Now, let's look at this . . . . . . . We threw out Joy and Sorrow, "kind of fast" . . . . Maybe too fast. And, this thing, Egoistic versus Sympathetic perhaps needs another look.
Okay, the primary feelings that we are looking for have causes as all feelings do (remember the Object/Subject chart containing all 35 feelings).
Getting back to the previous example; If I say:
"I feel hatred for the king"
The interest, or concern, or attention in this case is for the king . . . . . . the concern is focused on the king. The king may have caused this animosity for any number of reasons . . . . . . . jailed your father unjustly, or taken your land, etc. The king is the "Object" or external cause of the hatred. In this case the king, that is, the concept . . . . king, is the "Subject" of the hatred also.
The fact that hatred is felt is of course very important here, but the concern is focused on another, the king. Hence, hatred is always a sympathetic feeling. For this discussion, I will excuse the one unique contradiction and that is self-hate which will have to be dealt with later.
Now, let's look at Fear. If I say:
"I am afraid of what the king might do"
Here the concern is focused on the security of "Self", or just plain self. Now remember, we are talking about primary feelings and not composite ones. You could say that "I am afraid of what the king might do to another person". This so-called fear . . . . . . . well is it fear? . . . . . I don't know. Perhaps we have run aground! If a loved one is in danger, I suppose we could say that we are truly afraid for their safety. Why are we so concerned?? Well, it's because of our love for and self-involvement with that loved one. If self is not intermingled with or vitally linked to another who is in impending danger, then I question whether our feeling of fear is really fear itself. It is more probably a watered-down composite. But it is clear that one can experience fear for the security of another provided there is a link to "self" such as love. Now we can say that the fear for the safety of another is, at least in part, fear for the security of self, and that Fear is indeed Egoistic.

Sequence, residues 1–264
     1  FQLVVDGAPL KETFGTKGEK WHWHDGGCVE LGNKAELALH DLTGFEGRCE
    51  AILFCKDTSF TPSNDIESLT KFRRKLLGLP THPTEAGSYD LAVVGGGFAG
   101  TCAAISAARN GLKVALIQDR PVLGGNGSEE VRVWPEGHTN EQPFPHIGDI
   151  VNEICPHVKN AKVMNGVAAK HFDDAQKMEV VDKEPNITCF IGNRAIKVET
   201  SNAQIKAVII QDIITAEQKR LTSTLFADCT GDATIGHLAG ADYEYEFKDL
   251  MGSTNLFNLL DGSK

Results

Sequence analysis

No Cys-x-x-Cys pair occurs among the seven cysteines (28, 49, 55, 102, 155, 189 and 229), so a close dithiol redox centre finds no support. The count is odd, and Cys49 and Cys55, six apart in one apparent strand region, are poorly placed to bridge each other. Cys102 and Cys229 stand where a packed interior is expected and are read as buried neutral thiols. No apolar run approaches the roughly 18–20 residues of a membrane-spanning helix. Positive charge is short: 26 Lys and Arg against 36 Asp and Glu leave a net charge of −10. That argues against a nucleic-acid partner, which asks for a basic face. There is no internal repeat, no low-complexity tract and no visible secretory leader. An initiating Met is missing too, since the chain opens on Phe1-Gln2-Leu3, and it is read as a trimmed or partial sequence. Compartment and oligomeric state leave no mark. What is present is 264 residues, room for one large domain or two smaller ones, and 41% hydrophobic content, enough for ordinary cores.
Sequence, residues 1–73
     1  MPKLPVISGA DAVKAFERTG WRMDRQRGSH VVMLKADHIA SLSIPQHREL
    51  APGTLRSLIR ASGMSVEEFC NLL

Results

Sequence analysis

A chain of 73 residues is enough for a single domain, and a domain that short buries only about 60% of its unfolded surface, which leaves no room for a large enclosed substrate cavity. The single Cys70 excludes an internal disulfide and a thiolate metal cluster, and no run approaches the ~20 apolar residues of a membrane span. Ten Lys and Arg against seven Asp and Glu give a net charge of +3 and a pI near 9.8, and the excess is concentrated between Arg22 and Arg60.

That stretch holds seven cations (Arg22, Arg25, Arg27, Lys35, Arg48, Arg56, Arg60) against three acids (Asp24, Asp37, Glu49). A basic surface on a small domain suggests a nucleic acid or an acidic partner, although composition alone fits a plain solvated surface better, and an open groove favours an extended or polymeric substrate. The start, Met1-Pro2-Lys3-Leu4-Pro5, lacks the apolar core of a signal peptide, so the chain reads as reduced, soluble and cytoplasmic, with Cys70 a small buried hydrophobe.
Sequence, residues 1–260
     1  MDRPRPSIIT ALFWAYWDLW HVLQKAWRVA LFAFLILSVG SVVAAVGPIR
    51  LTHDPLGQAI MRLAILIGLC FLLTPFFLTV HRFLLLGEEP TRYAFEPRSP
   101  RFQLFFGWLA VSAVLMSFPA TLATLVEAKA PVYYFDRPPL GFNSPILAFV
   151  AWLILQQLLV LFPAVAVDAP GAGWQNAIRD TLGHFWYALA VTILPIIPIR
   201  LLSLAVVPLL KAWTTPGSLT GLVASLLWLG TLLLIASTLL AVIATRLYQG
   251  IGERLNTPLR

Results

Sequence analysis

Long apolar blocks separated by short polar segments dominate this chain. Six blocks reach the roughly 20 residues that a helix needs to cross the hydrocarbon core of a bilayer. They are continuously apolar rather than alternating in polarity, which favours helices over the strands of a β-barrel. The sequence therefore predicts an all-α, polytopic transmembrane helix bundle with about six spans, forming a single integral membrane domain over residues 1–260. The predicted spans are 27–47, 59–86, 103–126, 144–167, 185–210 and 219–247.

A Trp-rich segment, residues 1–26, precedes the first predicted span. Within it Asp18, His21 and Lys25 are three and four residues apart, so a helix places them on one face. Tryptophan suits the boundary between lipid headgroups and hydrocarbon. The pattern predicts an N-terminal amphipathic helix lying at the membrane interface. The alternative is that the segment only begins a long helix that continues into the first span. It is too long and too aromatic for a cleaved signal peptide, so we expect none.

Now, the opposites of Fear and Hatred are Security and Affection. If we say:
"I like the king"
The king is pleasing and causes the feeling of affection. We don't go around proclaiming or dictating that which will be an object of our affection. Because we desire affection, we don't arbitrarily decide what will cause the affection. It just happens. Sure, once the object of affection is established, desire . . . . . which is selfish . . . . . comes into play. But the initial, simple feeling of affection, of liking someone or something is involuntary and the affection is focused on the object of the affection, and not any resulting benefit to self. We are of course excluding the case of self-love.
Well, it was a good try. I mean attempting to show that some feelings were sympathetic . . . . . . . but I think it was in vain. The hatred for the king is not unexplained and is not caused by one's absolute and inherent dislike for kings. It is generated because of being deprived of a father or of some land and is a result of self concern.,
Also, affection is felt because of actual or potential gain and therefore the Hatred – Affection "couple" are just as egoistic as the Fear – Security couple.
Deprivation is akin to hatred and lack of security (Fear) and affection is related to gain and to lack of Fear.
Now, I'm thinking that Fear does not have a legitimate opposite. Security is the state or feeling of no Fear.
So it appears that all feelings, complex, composite, mixed with situation and conditions and influenced by others are composed of two concepts only. That of "Fear" and that of "Self"!Now we will try to construct every feeling from this starting point.
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